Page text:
- Your products are compared to, or even confused with, competing products, signifying that your company is failing to stand apart in a specific and articulable way. You’ll need to find a strong and unique value proposition that no competitor can offer. Honda and Hyundai are both headquartered out of Asia, make affordable durable cars, and both have a silver “H” as the centerpiece of their logo. It’s fairly easy for a customer to confuse or conflate the brands.
2. Your products are falling short of a claim that is part of your brand promise. If you claim to have the best quality, best value, unrivaled customer service, longest warranties or lowest price, but you don’t deliver on those promises, your brand integrity suffers, and prospective customers are reluctant to believe your other claims. You’ll need to make sure your products deliver on these brand promises, or else you must adjust your products and promises to match.
Hardware company Sears used to offer a lifetime warranty and replacement guarantee on their popular Craftsman tool product line, but a struggling Sears sold the Craftsman brand asset to Stanley Black & Decker in 2017. This left purchasers wondering if their lifetime warranty still exists, and with whom. At the time of this writing, Stanley Black & Decker continues to uphold it.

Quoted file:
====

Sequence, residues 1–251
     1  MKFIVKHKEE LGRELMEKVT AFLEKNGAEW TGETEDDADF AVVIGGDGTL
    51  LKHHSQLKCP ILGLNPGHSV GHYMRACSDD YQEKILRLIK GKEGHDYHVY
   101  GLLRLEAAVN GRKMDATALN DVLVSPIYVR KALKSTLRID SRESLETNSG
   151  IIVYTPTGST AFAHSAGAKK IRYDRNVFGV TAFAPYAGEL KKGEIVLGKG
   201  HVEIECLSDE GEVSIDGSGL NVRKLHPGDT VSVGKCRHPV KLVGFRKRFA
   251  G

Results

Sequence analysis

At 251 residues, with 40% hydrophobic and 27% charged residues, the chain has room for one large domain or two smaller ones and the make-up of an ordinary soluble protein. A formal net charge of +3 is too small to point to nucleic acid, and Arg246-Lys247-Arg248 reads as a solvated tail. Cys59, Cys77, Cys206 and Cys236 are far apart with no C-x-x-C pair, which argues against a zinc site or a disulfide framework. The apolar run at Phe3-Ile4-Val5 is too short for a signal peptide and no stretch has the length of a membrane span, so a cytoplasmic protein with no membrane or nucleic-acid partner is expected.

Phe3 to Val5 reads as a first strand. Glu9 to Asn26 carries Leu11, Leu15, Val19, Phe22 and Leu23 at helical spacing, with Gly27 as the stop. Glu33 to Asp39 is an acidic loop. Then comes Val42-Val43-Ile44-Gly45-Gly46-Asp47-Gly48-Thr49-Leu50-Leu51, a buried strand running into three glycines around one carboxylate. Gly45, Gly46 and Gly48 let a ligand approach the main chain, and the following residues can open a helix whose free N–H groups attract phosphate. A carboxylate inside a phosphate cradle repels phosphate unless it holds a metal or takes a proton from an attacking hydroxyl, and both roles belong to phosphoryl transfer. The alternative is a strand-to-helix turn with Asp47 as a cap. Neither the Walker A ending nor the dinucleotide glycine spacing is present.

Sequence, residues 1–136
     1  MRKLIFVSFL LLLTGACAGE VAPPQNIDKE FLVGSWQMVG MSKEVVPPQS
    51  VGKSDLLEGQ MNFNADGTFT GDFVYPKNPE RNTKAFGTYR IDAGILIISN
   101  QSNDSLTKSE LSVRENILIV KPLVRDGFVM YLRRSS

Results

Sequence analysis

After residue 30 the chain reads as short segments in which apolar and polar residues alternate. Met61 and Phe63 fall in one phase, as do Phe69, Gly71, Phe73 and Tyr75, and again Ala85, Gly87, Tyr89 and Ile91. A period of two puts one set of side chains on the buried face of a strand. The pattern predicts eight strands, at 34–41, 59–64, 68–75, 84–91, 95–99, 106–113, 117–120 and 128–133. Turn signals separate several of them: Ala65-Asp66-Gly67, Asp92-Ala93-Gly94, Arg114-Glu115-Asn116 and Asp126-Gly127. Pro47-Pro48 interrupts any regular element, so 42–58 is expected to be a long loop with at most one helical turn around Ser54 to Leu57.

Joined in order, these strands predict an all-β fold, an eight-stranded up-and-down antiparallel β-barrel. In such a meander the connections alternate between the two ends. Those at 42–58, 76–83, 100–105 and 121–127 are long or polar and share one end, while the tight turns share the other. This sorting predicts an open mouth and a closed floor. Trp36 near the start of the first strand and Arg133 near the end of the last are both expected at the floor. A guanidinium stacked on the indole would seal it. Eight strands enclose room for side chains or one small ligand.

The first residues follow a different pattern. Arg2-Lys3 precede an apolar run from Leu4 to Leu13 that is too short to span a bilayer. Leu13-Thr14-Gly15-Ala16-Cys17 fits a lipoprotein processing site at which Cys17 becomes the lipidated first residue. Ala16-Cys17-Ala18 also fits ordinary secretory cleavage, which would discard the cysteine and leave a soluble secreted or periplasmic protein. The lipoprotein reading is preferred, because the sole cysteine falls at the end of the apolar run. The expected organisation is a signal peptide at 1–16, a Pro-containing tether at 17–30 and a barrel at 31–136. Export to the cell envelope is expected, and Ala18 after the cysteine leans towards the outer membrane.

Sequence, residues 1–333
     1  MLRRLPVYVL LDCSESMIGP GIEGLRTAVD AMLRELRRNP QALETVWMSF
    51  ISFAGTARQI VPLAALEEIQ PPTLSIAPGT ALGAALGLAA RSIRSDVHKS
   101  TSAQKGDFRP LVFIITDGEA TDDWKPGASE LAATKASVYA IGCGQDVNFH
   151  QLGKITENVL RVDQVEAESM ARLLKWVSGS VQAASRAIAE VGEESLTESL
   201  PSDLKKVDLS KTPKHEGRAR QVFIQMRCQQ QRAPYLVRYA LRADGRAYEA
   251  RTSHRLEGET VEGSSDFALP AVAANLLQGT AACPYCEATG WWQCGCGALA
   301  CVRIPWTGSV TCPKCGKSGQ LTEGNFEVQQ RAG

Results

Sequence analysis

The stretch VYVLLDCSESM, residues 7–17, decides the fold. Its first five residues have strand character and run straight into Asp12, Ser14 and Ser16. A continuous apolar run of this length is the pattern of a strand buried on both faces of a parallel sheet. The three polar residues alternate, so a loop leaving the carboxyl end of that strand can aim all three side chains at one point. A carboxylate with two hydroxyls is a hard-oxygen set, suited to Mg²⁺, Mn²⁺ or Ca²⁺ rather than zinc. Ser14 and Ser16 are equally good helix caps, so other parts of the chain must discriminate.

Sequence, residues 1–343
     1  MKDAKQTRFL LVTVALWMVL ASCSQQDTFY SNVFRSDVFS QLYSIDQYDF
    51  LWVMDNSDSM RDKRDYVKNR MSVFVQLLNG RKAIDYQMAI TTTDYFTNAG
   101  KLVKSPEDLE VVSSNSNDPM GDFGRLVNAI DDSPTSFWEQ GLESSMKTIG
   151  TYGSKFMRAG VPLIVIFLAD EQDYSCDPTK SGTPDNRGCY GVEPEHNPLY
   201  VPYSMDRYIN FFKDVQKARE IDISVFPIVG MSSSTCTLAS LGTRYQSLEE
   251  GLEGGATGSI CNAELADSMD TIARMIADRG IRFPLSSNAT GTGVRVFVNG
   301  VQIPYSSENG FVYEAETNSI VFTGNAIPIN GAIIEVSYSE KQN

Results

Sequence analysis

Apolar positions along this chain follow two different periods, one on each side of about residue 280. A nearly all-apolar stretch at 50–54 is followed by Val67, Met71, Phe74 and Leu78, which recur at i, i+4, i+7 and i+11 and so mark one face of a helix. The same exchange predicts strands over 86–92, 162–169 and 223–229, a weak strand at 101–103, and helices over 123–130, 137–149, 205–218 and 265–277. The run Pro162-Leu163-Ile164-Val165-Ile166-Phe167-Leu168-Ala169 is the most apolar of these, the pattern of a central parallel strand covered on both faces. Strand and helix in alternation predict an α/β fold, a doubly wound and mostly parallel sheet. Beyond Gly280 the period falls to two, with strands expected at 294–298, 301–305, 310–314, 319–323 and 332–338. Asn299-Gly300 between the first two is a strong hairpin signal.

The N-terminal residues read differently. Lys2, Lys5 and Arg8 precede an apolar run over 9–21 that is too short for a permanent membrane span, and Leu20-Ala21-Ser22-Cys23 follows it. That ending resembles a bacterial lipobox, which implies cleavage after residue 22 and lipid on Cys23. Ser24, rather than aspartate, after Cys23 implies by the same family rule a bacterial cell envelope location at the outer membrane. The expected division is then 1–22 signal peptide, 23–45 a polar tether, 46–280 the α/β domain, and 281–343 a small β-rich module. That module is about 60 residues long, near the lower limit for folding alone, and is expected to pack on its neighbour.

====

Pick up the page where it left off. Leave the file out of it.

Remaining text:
3. You have a public reputation—often taking the form of online reviews, press coverage, and social media—that contradicts or fails to match your brand values. You’ll need to create congruence between what the public says about you and what you say about you. Victoria’s Secret suffered lasting brand damage when one of their executives made transphobic and fatphobic comments in an interview, alienating many customers and creating a large and pervasive amount of negative press.
Honda and Hyundai: confusingly similar companies, products, and logos by Joe Savu
Comparing your old and new brands